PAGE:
Malaysian authorities say they have arrested a Bangladeshi man who criticised on television the country’s treatment of undocumented migrants during the coronavirus pandemic.
In a documentary on Al Jazeera, Rayhan Kabir said the government discriminated against irregular foreign workers by arresting and jailing them.
The 25-year-old will now be deported.
Critics call the detentions of hundreds of migrants inhumane. Officials say the move was needed to curb the virus.
Those arrested included children and Rohingya refugees, activists say. The detentions were carried out when Malaysia was under lockdown due to Covid-19.
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Police launched an investigation into the documentary Locked Up in Malaysia’s Lockdown, broadcast on 3 July, following complaints by officials and local media that it was “inaccurate, misleading and unfair”, the Qatari broadcaster said.
An arrest warrant was issued for Mr Kabir – whose work permit was revoked after the programme aired – and he was arrested on Friday.
“This Bangladeshi national will be deported and blacklisted from entering Malaysia forever,” Immigration Director General Khairul Dzaimee Daud said in a statement, without explaining why Mr Kabir was arrested or whether he was suspected of committing a crime.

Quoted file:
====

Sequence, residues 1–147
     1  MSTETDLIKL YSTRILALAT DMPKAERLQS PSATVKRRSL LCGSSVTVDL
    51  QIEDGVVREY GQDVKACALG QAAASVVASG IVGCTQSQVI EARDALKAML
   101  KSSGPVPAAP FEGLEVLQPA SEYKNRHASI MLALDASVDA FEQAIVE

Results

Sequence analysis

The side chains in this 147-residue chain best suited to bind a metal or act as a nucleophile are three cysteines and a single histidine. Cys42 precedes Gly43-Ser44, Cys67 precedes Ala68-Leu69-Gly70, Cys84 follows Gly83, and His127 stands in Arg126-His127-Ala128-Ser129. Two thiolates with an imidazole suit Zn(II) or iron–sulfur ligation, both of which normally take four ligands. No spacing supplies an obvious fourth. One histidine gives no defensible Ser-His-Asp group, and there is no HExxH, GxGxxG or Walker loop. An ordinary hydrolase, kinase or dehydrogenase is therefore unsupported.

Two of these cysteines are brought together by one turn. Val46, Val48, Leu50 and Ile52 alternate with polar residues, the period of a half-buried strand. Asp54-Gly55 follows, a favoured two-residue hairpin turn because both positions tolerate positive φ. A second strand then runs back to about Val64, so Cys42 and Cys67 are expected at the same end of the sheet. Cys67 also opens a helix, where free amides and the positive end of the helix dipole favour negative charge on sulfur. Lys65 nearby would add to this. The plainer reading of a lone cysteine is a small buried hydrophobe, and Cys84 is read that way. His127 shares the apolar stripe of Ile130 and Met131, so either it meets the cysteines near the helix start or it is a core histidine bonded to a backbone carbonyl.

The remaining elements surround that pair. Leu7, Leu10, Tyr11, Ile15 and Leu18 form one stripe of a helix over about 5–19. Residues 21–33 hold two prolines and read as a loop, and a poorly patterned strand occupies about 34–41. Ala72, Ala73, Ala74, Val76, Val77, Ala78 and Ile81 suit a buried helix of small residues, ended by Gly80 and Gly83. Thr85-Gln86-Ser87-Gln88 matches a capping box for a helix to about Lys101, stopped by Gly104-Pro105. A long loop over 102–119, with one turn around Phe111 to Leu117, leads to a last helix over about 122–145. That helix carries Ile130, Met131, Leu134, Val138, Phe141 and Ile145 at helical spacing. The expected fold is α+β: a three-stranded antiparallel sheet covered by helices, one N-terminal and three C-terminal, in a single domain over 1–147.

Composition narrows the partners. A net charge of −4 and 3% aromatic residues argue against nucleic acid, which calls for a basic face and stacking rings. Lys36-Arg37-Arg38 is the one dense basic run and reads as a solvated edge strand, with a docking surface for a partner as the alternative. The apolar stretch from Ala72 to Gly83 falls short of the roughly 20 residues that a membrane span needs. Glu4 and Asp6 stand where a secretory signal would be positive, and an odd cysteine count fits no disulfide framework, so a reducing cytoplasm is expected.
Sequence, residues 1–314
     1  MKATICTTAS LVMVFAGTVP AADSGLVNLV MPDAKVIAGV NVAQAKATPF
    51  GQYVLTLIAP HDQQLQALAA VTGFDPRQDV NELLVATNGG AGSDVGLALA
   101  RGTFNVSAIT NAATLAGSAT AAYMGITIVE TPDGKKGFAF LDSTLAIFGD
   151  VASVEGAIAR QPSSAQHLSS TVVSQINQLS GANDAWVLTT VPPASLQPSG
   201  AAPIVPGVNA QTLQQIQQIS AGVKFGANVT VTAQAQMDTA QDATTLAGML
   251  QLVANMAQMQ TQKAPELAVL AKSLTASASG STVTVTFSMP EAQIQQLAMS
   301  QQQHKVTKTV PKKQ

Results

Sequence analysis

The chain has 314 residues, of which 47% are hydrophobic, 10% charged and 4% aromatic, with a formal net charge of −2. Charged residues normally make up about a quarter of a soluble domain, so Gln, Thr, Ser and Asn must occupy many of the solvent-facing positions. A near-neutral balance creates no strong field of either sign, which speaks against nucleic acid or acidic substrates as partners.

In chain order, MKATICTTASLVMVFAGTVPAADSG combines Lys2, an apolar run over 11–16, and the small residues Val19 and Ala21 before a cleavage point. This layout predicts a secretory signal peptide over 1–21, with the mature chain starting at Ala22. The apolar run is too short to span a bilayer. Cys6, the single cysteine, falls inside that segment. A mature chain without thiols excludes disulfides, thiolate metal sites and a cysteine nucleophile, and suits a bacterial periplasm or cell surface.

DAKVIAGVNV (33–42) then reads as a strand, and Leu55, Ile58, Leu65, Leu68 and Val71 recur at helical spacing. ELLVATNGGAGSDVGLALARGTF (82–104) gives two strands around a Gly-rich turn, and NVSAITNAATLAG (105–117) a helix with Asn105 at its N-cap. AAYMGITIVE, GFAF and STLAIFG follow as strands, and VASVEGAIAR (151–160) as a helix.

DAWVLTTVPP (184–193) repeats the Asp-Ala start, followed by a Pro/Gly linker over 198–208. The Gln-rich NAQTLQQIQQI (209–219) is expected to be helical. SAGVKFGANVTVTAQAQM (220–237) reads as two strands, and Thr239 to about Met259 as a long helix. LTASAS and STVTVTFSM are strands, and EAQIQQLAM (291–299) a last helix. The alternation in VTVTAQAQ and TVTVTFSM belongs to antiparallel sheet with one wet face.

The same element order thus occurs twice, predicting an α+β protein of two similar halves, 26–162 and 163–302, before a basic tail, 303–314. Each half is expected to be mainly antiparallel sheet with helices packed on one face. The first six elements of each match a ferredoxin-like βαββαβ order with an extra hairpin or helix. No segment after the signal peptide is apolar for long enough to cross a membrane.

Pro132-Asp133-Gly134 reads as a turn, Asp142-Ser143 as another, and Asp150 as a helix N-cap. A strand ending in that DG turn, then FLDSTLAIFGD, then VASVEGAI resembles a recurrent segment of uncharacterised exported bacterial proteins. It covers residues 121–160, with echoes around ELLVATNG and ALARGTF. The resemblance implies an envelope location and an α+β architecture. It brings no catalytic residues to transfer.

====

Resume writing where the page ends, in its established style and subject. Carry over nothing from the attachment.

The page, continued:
Bangladeshi newspaper Daily Star quoted Mr Kabir as saying in a message before his arrest: “I did not commit any crime. I did not lie. I have only talked about discrimination against the migrants. I want the dignity of migrants and my country ensured. I believe all migrants and Bangladesh will stand with me.”
A group of 21 Bangladeshi civil society organisations demanded Mr Kabir’s release, saying: “An interview with the media is not a crime and Rayhan Kabir did not commit any crime.”
In a separate statement, Human Rights Watch said: “The [Malaysian] government’s action sends a chilling message to the country’s many migrant workers: if you want to stay in Malaysia, don’t speak up no matter how badly you have been treated.”
Al Jazeera said Malaysian police had announced an investigation of its staff over potential sedition, defamation and violation of the country’s Communications and Multimedia Act. It said they were being subjected to “sustained online harassment”, including abusive messages and death threats.
The broadcaster said it “strongly refutes” the accusations against the programme and that it “stands by the professionalism, quality and impartiality of its journalism”.
In a separate development, a Malaysian judge overturned on Wednesday a decision to cane 27 Rohingya refugees for illegal entry, their lawyer said. The case sparked an outcry from activists.
Malaysia does not recognise refugees and there are high levels of distrust for those who come from abroad, often working as low-paid labourers. Some have accused migrant workers of spreading the coronavirus and being a burden on government resources.